By Elly Bradfield and Tom Kojrowicz

The Chairman of England’s bid to host the 2018 FIFA World Cup, Lord David Triesman, has accused the governing football body of accepting bribes ahead of the vote to decide the competition’s location.

Lord Triesman has accused six members of FIFA of seeking payment or honours ahead of the vote.

FIFA World Cup
FIFA World Cup. Photo: warrenski / Flickr

The allegation was made by Lord Triesman five months after Russia beat England in December 2010, securing the bid to host the 2018 World Cup.

SBS reporter Vitor Sobral says FIFA is not accountable to anyone and the organisation changes the rules to suit itself.

“They’re almost a law unto themselves basically, because they don’t allow any national governments to interfere with the national associations and when that does happen they actually ban the country from competing in their football tournament,” he said.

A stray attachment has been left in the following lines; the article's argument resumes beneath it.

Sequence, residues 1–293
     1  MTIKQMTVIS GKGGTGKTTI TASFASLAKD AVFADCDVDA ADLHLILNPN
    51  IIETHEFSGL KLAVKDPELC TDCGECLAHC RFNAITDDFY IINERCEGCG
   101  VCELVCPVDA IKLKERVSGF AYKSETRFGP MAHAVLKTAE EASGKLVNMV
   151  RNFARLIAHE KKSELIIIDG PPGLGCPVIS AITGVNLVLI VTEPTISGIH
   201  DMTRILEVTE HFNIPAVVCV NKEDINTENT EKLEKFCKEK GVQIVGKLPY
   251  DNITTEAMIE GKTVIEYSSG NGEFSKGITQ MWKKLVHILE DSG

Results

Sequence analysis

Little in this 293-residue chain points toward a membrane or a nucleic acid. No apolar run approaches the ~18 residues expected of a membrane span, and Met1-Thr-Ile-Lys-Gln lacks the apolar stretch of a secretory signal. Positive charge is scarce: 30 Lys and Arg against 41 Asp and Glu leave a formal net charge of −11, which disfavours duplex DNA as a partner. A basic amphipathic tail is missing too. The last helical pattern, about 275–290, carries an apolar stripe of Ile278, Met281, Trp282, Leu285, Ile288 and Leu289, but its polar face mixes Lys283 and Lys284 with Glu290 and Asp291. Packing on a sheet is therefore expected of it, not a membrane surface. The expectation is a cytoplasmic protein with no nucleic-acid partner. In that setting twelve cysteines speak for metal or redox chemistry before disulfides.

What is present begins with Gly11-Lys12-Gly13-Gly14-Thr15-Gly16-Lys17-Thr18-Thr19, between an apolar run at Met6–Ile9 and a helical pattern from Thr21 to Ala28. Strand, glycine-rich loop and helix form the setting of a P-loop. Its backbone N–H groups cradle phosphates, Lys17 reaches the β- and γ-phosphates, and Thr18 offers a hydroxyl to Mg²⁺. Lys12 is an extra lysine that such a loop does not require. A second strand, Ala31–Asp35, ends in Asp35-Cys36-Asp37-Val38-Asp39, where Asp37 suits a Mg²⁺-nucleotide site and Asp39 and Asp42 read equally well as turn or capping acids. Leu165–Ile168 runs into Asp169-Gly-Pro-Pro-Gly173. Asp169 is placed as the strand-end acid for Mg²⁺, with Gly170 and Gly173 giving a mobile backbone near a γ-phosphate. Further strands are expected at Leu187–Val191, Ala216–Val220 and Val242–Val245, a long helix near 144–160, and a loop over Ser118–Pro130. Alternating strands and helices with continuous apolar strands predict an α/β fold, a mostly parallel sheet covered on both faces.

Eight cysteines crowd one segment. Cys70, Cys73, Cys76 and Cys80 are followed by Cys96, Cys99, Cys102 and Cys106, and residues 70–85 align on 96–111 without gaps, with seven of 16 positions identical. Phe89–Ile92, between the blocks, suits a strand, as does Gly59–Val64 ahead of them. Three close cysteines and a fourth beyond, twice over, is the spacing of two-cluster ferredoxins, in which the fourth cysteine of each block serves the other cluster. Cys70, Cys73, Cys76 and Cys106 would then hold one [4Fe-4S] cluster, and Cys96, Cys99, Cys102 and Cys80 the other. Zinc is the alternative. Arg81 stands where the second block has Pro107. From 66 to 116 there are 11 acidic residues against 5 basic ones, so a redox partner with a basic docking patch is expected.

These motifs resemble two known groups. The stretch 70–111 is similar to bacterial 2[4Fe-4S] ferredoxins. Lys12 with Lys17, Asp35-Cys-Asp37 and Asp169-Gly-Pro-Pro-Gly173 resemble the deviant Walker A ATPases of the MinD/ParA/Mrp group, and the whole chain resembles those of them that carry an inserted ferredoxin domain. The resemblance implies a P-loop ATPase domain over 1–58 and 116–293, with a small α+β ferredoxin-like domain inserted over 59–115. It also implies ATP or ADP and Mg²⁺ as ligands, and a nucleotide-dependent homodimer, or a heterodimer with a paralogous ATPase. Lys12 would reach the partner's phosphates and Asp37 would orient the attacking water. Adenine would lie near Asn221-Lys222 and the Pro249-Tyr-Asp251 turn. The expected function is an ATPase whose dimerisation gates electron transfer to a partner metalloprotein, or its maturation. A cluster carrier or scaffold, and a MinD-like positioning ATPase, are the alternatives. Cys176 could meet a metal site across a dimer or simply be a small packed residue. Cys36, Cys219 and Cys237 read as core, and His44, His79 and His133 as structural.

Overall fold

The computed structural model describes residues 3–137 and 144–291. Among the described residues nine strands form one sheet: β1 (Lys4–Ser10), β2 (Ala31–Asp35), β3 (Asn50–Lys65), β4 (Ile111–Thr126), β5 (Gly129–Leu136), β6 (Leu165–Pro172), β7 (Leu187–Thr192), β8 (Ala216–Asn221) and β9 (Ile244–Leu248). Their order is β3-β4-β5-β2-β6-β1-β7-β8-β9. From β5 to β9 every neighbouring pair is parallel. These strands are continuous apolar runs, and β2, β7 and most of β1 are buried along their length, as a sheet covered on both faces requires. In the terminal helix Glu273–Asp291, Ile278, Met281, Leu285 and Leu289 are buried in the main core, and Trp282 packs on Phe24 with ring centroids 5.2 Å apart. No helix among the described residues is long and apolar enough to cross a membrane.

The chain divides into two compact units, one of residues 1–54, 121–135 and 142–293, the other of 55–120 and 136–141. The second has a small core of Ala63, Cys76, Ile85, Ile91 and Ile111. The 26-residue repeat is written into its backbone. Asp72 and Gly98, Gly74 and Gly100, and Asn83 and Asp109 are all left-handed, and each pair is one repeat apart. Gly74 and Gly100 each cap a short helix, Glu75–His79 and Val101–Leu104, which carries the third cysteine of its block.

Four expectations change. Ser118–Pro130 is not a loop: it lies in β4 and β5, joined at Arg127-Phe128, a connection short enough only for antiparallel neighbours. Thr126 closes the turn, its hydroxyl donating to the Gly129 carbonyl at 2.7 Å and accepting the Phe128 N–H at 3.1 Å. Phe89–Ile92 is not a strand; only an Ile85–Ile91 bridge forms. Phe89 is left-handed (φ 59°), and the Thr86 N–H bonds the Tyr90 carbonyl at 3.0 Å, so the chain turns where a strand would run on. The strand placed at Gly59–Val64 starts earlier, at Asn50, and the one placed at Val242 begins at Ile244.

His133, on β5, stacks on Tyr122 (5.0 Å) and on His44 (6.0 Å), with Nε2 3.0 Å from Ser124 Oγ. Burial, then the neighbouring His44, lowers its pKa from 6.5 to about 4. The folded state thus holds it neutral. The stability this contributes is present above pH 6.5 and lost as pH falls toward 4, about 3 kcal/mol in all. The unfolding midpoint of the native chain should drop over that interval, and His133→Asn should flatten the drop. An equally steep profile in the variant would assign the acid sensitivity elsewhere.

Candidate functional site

News Limited sports journalist Robert Craddick agrees corruption is endemic within the sport, especially when there is big money at stake.

“It’s not surprising really, because soccer at the highest level has always been my allegations of corruption when it comes to world cup voting,” he said.

“To win a soccer World Cup is worth just millions and millions and millions to a country.”

Voting culture

Sobral says this culture surrounding football’s governance could change if fans demand it, however it would be very difficult and slow.

“They really have to open up the voting as well because no one knew who was voting for who,” he said.

“For Australia’s bid they had a few votes wrapped up [about] five or six and then they ended up with about two.”

Adjunct researcher from Central Queensland University Danya Hodgetts says the economic impacts of big sporting events are not as widespread as believed.

“They’re not really leaving an economic impact so what the big thing in the research at the moment is looking at what sort of social impact these events leave,” she said.

“Some of the biggest things that they’ve found, particularly with the FIFA World Cup in Germany, is an increased sense of pride as a nation.”

FIFA chief Sepp Blatter says the association will address the fresh allegations.